ABC Lateline interview, Canberra

29 April 2015

Topics: Execution of Andrew Chan and Myuran Sukumaran, death penalty, agricultural trade with Indonesia.​


TOM IGGULDEN: Mr Joyce, withdrawing the Ambassador from Indonesia is unprecedented. Are you worried about the effect that might have on trade?

BARNABY JOYCE: Well I think it is clear that we should have a philosophy; my personal philosophy is I don’t believe in the death penalty. I don’t believe in the death penalty anywhere in the world. I believe that no one has the right to take another person’s life, in whatever form that is, unless that person whose life they are taking is a direct and immediate threat to them. When someone is incarcerated they are not a direct or immediate threat. I also note that the person who commits the crime is not the person who you end up executing. I believe in the redemptive nature of the human spirit that if someone can recognise that they have done something wrong and you have to approach that individual in the light and circumstances of the time. And the time of the execution is not the same time as the crime. There is an absolute right that any government has to defend their laws and part of that defence is incarceration and I think that’s the appropriate format to follow. In this instance when you say that the withdrawal of the Ambassador – it’s a decision of the Government. I understand that there were a whole range of issues that were pertinent to this tragic event where these two individuals were killed and that goes beyond the circumstances of the announcement, the circumstances of family’s access to those individuals and their capacity to get pastoral care before their death. And might I say I don’t think we should get too wrapped up in this – Indonesia itself has withdrawn their Ambassador from Australia in very recent history for circumstances that I think were far less serious than this.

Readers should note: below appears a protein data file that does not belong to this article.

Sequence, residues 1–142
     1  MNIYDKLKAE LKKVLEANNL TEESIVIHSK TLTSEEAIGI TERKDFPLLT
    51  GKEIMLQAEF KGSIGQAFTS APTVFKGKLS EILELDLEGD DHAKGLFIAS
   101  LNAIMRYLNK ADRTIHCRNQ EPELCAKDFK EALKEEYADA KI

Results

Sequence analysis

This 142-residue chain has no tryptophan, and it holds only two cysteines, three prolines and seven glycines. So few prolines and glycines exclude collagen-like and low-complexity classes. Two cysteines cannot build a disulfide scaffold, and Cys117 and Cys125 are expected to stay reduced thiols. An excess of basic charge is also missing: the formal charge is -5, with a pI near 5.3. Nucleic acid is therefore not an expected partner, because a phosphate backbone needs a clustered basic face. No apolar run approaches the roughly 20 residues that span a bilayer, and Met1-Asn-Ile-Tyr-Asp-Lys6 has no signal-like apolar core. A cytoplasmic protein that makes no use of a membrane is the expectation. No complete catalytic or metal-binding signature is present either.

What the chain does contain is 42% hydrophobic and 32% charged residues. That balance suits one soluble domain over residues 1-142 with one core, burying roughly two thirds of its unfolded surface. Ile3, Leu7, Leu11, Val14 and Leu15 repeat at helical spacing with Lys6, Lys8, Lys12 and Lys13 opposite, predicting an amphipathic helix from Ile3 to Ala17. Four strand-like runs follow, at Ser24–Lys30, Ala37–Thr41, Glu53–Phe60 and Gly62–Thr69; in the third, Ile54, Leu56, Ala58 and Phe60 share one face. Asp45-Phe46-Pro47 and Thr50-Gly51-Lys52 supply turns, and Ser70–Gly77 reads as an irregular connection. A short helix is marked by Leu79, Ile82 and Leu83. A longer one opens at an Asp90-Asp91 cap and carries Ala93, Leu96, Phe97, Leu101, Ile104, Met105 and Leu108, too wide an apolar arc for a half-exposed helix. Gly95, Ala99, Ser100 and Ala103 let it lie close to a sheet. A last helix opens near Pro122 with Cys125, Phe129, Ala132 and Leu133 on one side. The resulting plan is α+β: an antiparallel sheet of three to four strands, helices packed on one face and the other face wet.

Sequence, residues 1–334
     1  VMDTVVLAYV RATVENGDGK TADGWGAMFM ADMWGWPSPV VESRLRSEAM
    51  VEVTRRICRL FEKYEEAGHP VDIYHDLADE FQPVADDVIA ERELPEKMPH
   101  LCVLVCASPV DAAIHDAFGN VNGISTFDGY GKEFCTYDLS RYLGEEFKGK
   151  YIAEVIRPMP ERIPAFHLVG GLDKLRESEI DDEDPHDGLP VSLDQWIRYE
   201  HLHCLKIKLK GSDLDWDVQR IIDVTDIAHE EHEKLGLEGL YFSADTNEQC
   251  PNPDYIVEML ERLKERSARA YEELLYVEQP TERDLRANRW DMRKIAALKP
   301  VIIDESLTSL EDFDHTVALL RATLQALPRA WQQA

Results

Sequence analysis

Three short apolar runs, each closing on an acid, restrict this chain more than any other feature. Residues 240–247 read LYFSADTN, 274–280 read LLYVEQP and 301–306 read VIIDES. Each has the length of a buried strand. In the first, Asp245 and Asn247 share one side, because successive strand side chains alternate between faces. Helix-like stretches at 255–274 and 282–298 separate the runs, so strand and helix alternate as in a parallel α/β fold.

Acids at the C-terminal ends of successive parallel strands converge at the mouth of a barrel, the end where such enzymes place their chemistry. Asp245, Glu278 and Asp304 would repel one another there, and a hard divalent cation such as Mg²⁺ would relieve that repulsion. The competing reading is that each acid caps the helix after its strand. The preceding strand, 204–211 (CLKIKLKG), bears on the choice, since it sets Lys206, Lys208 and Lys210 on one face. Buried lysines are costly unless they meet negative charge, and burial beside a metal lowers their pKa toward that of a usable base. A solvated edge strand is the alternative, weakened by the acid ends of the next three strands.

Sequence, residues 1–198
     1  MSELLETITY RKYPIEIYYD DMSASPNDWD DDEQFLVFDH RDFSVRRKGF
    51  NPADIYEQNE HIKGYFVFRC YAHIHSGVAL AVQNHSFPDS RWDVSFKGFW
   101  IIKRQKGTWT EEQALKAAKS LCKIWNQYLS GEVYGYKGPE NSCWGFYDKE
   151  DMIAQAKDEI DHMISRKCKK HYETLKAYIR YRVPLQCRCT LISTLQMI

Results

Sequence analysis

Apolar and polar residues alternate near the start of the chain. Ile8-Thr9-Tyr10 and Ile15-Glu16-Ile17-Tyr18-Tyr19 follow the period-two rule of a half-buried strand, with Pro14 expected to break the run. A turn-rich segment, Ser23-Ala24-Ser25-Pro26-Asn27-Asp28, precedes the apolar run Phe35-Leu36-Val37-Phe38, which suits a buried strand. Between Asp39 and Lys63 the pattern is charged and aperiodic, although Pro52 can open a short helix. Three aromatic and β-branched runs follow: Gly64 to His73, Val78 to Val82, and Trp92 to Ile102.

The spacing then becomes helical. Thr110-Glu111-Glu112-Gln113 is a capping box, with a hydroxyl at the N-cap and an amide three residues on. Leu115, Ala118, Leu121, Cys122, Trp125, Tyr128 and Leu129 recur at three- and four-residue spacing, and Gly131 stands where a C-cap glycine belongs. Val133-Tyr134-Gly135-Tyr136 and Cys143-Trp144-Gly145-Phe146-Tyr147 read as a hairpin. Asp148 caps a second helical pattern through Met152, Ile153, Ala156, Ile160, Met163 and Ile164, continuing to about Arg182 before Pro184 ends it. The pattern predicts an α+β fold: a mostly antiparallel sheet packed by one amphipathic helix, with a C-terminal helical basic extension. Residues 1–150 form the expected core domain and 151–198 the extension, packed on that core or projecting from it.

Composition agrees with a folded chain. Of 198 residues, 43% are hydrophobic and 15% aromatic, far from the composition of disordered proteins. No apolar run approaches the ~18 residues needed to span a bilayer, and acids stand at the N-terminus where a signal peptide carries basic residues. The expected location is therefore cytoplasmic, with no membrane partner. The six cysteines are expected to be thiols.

IGGULDEN: And you have been outspoken about the need to rebuild that relationship and now we have done something that we haven’t done with other cases exactly like this – we’ve withdrawn our Ambassador. Is that going to run counter to what you have been calling for?

JOYCE: Indonesia remains an extremely strong trading partner with Australia. We’ve been working very hard to make sure we grow that relationship. It’s very fundamentally important to some of our major agriculture exports and I think for the families in Australia and the families in Indonesia which are part of that trade, we should try as much as possible not to involve them in the discussions of Government.   And they are doing their job feeding people in Jakarta and we are doing our job in other places in Indonesia, and we are doing our job in the breeding and delivery of protein for the community that we live in which is South East Asia.